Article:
Differential Audit Quality, Propensity Score Matching and Rosenbaum Bounds for Confounding Variables

43 Pages Posted: 5 Jul 2012

See all articles by Michael J. Peel

Michael J. Peel

Cardiff University - Cardiff Business School

Gerry Makepeace

Cardiff University; IZA Institute of Labor Economics

Date Written: June/July 2012

Abstract

Via propensity score matching (PSM) and Rosenbaum Bounds (RB), this paper reports new evidence on the premiums charged by big 4 and the top 4 mid‐tier (mid 4) auditors relative to their smaller counterparts in the private corporate market. The results demonstrate that big 4 and mid 4 premiums are in accord with theoretical predictions on auditor quality differences; and that these premiums are relatively insensitive to potential hidden bias when gauged by the RB method for appraising confounding variables under bounded uncertainty. Given the limitations of conventional methods, PSM is being increasingly adopted in accounting studies to estimate treatment effects. Employing paired and simultaneous multi‐sample PSM premium estimates, we provide a comprehensive evaluation and illustration of the RB method, together with the advantages and limitations of PSM, on which RB is predicated, when compared to alternative estimators. We demonstrate that PSM, when coupled with RB, provide novel empirical evidence for premiums estimated across three different matched audit quality tiers, to those estimated in prior studies which employ Heckman methods, to hidden bias equivalents and to the sensitivity of the bounds parameters to the omission of covariates employed in the study. New evidence on premiums across size quartiles, and quantile regression estimates over audit fee percentiles, support the PSM findings.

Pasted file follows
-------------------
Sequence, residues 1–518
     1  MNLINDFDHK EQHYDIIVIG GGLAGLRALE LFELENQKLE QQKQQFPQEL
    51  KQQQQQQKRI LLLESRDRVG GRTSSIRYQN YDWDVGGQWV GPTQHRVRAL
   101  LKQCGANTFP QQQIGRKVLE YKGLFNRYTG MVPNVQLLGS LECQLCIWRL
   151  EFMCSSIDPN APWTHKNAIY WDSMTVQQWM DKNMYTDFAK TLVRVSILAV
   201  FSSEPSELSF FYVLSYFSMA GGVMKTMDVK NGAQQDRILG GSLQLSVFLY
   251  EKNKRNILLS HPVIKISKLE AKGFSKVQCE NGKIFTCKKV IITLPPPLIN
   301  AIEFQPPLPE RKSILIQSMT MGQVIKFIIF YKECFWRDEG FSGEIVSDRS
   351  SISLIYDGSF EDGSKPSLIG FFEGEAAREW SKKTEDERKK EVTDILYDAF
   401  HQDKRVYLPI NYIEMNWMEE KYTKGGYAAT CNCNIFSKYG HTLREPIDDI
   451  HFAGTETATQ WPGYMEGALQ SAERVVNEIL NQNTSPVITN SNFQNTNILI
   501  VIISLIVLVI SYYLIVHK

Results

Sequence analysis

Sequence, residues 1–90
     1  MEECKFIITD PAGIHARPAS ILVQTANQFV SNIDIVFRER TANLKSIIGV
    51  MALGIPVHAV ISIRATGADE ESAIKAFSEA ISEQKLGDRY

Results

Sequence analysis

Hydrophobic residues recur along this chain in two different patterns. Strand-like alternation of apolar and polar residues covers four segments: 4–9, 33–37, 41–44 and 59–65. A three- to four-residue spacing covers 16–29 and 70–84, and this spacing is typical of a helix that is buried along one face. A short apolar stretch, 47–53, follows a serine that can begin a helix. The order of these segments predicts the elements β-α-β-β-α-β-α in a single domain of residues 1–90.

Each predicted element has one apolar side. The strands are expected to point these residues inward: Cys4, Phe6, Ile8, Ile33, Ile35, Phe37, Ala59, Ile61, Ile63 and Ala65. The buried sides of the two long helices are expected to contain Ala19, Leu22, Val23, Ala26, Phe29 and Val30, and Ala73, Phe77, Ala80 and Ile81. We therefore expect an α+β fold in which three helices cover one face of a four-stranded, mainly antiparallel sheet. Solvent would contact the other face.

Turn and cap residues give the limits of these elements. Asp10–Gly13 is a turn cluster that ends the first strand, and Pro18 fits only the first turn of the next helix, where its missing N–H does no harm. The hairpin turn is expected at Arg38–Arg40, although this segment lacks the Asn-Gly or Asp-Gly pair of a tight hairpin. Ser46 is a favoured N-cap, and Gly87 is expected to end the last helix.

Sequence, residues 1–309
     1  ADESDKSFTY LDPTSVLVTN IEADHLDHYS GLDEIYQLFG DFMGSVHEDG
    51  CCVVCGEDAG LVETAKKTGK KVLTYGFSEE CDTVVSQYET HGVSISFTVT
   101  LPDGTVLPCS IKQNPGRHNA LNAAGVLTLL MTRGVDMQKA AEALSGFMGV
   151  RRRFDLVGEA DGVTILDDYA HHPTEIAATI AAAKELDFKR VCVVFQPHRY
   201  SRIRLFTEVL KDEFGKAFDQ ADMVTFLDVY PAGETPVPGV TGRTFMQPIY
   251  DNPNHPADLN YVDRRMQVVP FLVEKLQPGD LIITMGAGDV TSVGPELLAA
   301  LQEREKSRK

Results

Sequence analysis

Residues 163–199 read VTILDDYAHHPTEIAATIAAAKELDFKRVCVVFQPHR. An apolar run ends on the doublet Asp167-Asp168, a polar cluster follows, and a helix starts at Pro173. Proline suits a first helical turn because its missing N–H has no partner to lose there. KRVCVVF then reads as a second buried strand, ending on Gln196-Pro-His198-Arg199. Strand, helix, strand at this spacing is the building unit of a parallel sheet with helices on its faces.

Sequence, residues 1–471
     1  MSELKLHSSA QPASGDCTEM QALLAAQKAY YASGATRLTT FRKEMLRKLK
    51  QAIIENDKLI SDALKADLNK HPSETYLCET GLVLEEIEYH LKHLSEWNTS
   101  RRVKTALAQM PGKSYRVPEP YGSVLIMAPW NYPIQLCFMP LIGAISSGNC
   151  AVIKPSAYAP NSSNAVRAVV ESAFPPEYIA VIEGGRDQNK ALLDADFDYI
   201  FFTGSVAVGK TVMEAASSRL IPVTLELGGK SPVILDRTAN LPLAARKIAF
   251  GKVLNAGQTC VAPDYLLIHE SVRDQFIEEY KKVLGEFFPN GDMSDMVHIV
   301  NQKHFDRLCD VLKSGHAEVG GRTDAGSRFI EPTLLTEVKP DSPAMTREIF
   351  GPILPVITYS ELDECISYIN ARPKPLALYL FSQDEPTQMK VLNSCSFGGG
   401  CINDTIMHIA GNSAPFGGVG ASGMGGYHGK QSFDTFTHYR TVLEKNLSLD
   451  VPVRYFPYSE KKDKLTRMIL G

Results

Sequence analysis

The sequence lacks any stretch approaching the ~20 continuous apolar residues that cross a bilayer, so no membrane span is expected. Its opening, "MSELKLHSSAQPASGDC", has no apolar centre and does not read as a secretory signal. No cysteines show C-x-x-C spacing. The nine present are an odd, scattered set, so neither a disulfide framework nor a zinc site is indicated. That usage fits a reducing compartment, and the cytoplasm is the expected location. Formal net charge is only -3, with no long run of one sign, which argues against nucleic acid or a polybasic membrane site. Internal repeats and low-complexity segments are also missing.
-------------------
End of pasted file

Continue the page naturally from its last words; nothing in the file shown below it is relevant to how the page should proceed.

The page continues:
Keywords: auditor premiums, Rosenbaum Bounds, propensity score matching, selection bias, multi‐sample matching, quantile regression, Heckman methods

Suggested Citation

Peel, Michael J. and Makepeace, Gerald H, Differential Audit Quality, Propensity Score Matching and Rosenbaum Bounds for Confounding Variables (June/July 2012). Journal of Business Finance & Accounting, Vol. 39, Issue 5‐6, pp. 606-648, 2012, Available at SSRN: https://ssrn.com/abstract=2100697 or http://dx.doi.org/10.1111/j.1468-5957.2012.02287.x

Michael J. Peel (Contact Author)

Cardiff University - Cardiff Business School ( email )

Cardiff
United Kingdom

Gerald H Makepeace

Cardiff University ( email )

Economics Section
Cardiff Business School
Cardiff, Wales CF10 3EU
United Kingdom

IZA Institute of Labor Economics

Schaumburg-Lippe-Str. 7 / 9
Bonn, D-53072
Germany

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